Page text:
Hermeneutics would seem to be enjoying an unprecedented vogue in America today. A colleague of mine opined somewhat cynically at the hermeneutics symposium earlier this year in Lawrence, Kansas, that hermeneutics owed this popularity in part to the fact that it was a term vague enough to serve as a rallying point in the common battle against scientific reductionism, literary formalism, and positivist modes in sociology — or whatever else one might be against. This was borne out by Richard de George's remark introducing the final panel at the meeting, that hermeneutics seemed to be many things to many people — "a theory, a philosophy, a view of reality, a methodology, an approach, a hope, a promise, an ideology … it's probably all of those, and more depending on which speaker we turn to and how we interpret what they say." He might have added hermeneutics as a slogan, as battle cry. Then he goes on to ask, "In which of its guises does it have a future?" He might have asked: "In which of its guises is it a thing of the past?" Significantly, his enumeration omitted precisely the sense of hermeneutics I will be advocating in this paper: hermeneutics as a field of study, a discipline, as general theory of interpretation. But just this definitional vagueness also makes it difficult to know what is being asserted in the claim of those who in the face of our enthusiasm demand that we go "beyond hermeneutics." In what sense is it really possible to go beyond hermeneutics at all?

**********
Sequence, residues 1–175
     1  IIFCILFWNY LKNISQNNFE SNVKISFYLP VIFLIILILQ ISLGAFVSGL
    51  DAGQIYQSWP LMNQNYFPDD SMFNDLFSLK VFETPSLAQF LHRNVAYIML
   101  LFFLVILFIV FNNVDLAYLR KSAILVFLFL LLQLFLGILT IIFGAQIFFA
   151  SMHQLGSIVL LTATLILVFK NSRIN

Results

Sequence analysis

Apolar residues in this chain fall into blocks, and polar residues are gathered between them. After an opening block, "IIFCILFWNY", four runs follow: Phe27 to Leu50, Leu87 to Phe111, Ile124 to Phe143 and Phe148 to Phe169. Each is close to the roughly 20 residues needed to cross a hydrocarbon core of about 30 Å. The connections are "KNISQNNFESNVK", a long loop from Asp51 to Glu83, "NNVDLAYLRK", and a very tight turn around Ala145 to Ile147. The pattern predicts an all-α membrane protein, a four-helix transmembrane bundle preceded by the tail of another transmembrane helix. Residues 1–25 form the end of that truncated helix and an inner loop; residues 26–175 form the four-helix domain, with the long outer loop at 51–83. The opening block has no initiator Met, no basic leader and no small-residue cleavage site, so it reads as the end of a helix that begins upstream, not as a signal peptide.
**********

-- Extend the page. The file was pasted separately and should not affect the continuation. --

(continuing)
Presented at the 11th Annual Philosophy Colloquium of the Department of Philosophy of the University of Dayton, held in March 1982.



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